Afterschool and summer programs are a lifeline for families

With federal recovery funds, states expand access

A little girl looks at books in a display on a table in a school gym.
From Alabama to Wyoming, American Rescue Plan funding can help states expand afterschool and summer learning. Photo: New Mexico Out-of-School Time Network

In communities around the country, afterschool and summer programs have been doing all they can to strengthen learning and support for young people during the pandemic and as schools reopen.

Throughout the past year, these programs have created learning hubs, teamed up with school districts to deliver meals, and sent books and school supplies to young people at their homes, in shelters and in foster care. To help kids stay healthy and connected to one another, they’ve provided mentoring and safe spaces for peer support in virtual, in-person and hybrid settings. They’ve also rolled out a wide range of engaging programs — from poetry slams and robotics clubs to small-business pitch contests.

In a grueling year, their efforts made a dramatic difference.

During the Open Minds, Open Spaces Town Hall, a forum hosted in October 2020 by members of the Mott-funded 50 State Afterschool Network, Seviah Limb, an afterschool student in Idaho, said, “What really gives me life is being able to interact with others. So having that taken away really reinforced how important it is for me to be able to participate in extracurricular activities.”

Rowan Ali, a forum participant who attends an afterschool program in Washington state, said, “You really helped build a safe place for students to flourish. Without that, the future might be a little bit harder to see and look forward to.”

Being a safe learning hub for youth and a lifeline for working families are just a two of the reasons why demand for afterschool programs has soared in recent years. In 2020, America After 3PM, a nationwide household survey conducted by Edge Research for the Afterschool Alliance, reported that 94% of parents are satisfied with their child’s afterschool program. AA3PM was conducted before the coronavirus pandemic and builds on household surveys conducted in 2004, 2009 and 2014.

Young boy sits in chair and talks about what afterschool means to him.
Noah Shaw, who participates in a Salt Lake City area Boys & Girls Club, calls it his “second home.”
Photo: Open Minds, Open Spaces

More than eight in 10 parents agree that afterschool programs “give working parents peace of mind, knowing that their children are safe and supervised” and “help working parents keep their jobs,” according to the survey. Parents also value how afterschool programs connect their children to science, technology, math and engineering opportunities and reduce unproductive screen time, the survey showed. And, across the political spectrum, parents express strong support for public funding for afterschool. The study found that 91% of Democrats, 87% of Independents and 85% of Republicans support such funding.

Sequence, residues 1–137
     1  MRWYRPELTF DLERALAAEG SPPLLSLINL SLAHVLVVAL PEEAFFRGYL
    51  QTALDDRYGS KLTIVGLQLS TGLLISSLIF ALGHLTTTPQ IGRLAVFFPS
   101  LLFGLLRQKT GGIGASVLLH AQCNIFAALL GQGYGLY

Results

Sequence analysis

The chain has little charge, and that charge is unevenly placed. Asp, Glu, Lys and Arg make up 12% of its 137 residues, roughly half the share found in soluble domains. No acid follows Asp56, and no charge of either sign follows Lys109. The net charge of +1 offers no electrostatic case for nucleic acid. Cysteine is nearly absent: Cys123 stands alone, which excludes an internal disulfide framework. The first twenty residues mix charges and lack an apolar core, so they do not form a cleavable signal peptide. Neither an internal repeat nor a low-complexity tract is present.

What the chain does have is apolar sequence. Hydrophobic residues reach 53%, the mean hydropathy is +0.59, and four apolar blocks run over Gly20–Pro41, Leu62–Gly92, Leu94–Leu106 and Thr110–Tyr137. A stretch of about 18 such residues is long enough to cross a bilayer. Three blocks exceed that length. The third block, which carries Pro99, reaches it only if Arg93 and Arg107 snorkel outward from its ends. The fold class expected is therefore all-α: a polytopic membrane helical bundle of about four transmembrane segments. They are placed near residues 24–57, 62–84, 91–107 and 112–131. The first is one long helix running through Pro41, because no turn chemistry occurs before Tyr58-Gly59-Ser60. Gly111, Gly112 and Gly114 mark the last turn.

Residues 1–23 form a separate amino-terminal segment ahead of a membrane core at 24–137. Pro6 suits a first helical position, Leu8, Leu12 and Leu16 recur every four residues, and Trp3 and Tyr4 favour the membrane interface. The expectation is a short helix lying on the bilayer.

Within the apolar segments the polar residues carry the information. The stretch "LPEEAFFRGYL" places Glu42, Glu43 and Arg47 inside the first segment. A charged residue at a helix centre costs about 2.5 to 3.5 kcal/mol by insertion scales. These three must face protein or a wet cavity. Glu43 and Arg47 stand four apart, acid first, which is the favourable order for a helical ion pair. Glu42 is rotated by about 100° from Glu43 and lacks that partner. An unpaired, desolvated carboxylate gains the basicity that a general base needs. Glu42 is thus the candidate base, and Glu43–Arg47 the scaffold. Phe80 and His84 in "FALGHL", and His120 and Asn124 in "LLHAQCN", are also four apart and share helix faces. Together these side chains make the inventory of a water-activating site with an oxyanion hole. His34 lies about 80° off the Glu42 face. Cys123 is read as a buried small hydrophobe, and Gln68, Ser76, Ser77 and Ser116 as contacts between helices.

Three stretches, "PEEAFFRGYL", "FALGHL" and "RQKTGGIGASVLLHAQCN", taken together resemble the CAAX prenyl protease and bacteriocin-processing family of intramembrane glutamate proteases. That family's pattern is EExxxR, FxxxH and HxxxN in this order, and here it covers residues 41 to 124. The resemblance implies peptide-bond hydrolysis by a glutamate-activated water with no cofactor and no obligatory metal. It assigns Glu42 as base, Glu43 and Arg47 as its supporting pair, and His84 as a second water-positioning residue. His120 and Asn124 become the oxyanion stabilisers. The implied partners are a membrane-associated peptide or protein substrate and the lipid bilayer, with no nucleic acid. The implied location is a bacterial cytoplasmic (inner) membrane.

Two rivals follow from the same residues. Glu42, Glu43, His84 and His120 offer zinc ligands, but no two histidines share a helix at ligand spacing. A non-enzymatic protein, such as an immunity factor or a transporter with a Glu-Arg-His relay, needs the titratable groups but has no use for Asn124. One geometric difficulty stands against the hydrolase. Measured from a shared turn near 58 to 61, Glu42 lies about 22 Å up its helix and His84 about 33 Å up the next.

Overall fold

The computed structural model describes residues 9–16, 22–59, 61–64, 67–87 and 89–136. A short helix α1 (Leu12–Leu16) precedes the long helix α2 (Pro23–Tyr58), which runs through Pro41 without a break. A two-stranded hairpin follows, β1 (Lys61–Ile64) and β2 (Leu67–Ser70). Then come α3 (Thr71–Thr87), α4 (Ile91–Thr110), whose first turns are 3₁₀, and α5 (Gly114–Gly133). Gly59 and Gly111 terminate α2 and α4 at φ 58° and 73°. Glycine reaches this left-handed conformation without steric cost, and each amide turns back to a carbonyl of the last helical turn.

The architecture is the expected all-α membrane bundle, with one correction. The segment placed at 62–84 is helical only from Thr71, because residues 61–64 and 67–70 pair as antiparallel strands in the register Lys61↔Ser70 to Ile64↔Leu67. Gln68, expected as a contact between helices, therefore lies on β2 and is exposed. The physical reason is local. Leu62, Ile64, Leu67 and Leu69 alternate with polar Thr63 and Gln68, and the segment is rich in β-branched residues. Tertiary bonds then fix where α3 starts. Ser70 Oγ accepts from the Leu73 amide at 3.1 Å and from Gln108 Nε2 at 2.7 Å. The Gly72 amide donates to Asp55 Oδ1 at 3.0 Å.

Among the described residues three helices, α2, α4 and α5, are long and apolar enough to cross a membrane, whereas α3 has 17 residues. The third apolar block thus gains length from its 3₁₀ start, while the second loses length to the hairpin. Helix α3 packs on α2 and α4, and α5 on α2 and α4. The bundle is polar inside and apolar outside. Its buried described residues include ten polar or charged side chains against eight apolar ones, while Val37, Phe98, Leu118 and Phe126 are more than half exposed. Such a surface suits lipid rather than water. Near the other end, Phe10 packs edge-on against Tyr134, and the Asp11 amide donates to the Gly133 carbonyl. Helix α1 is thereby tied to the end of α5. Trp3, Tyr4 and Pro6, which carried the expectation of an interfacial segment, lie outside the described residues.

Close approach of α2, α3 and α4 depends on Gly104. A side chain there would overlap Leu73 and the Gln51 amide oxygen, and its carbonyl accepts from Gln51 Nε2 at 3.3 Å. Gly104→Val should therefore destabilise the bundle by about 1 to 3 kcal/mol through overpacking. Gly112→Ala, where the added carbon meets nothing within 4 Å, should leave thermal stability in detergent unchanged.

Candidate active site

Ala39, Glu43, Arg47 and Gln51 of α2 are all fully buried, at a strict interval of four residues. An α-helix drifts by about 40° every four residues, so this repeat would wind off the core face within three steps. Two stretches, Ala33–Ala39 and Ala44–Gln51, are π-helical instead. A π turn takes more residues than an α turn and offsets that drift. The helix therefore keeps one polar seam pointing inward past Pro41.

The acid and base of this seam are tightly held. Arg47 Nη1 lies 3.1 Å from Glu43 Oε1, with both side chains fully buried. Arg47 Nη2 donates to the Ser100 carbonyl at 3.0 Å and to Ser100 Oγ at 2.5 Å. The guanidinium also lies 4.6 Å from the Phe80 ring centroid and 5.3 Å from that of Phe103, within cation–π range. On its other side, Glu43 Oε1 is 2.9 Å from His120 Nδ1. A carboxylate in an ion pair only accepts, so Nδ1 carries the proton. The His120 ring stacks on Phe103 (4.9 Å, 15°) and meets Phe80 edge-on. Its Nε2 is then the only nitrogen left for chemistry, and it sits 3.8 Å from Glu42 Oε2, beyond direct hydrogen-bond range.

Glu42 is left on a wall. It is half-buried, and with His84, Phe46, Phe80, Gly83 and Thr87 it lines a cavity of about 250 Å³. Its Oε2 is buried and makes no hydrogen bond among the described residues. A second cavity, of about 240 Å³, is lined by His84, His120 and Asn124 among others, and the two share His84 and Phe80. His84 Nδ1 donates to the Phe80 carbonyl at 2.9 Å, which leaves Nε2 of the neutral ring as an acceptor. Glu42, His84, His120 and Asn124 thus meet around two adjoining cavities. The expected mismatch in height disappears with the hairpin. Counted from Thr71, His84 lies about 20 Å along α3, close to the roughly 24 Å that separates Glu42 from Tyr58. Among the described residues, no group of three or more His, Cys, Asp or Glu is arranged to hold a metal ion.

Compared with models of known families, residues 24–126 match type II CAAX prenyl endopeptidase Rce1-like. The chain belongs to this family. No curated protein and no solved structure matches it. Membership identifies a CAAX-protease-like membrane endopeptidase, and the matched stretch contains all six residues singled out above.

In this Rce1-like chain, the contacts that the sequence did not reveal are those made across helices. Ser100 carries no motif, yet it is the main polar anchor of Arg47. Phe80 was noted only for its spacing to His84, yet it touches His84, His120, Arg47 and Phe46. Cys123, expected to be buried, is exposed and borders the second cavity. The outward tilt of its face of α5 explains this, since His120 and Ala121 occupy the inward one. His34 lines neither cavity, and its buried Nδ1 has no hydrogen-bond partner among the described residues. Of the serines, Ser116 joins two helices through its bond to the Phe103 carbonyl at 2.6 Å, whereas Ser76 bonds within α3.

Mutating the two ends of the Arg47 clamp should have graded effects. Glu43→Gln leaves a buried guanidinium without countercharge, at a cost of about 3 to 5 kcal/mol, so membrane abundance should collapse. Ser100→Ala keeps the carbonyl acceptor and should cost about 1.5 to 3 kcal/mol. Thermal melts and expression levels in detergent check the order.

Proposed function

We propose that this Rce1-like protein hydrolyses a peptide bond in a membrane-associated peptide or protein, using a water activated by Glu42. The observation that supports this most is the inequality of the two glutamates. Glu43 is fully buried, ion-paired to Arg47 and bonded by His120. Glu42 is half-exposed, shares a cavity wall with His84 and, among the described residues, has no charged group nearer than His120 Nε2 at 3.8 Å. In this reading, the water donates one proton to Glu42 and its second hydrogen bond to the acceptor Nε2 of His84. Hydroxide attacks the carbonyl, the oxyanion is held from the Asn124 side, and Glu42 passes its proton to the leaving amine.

These findings were reinforced in a follow-up, national-level survey conducted during the pandemic (in October 2020) by Edge Research for the Afterschool Alliance. According to the later survey, roughly three in four parents agree both that afterschool programs are helping children build positive relationships with caring adults and mentors (77%) and providing support to parents who are trying to find jobs (73%).

But while parent satisfaction in afterschool is at an all-time high, many young people are still missing out. According to AA3PM, unmet demand for afterschool programs has grown by 60% since the first survey was conducted in 2004.

A graphic image showing that three in four children in America who want to attend afterschool programs cannot do so because there is not enough space in afterschool programs.
Illustration: Afterschool Alliance

In practical terms, this means that, for every child in an afterschool program, three (nearly 25 million children) are waiting to get in. Cost and transportation barriers are the biggest roadblocks, the survey showed. As these factors are tied to systemic inequities in income, housing and education, they disproportionately impact low-income families and Black and Latino families. The survey found that 58% of Black children and 55% of Latino children not in an afterschool program would be enrolled if a program were available.

“This new study paints a picture of unmet need, with the heaviest burdens falling on low-income families and families of color,” said Jodi Grant, executive director of the Afterschool Alliance. “Without question, the pandemic is exacerbating the harm. If we want to emerge from this pandemic strong, we need to provide all our children and youth access to the important enrichment opportunities and resources afterschool programs provide.”

The education field is on this path. As a start, with funding available through the American Rescue Plan, a growing number of states, school districts and afterschool programs are putting together plans to tackle access barriers. Through their collaborative efforts, schools and communities can create comprehensive in-school, afterschool and summer learning experiences that help accelerate learning and support the recovery of young people of all backgrounds.

Expanding access to afterschool promises to make a profound difference in kids’ lives. Noah Shaw, who participates in a Boys & Girls Club in Utah and also took part in the Open Minds, Open Spaces forum said, “What I love most about Boys and Girls Club is the one-on-one time I get with staff and friends. I feel so safe here. It’s my second home. I wouldn’t trade it for anything in the world.”

The Mott Foundation provides general purpose support to the Afterschool Alliance, which commissioned the America After 3PM survey.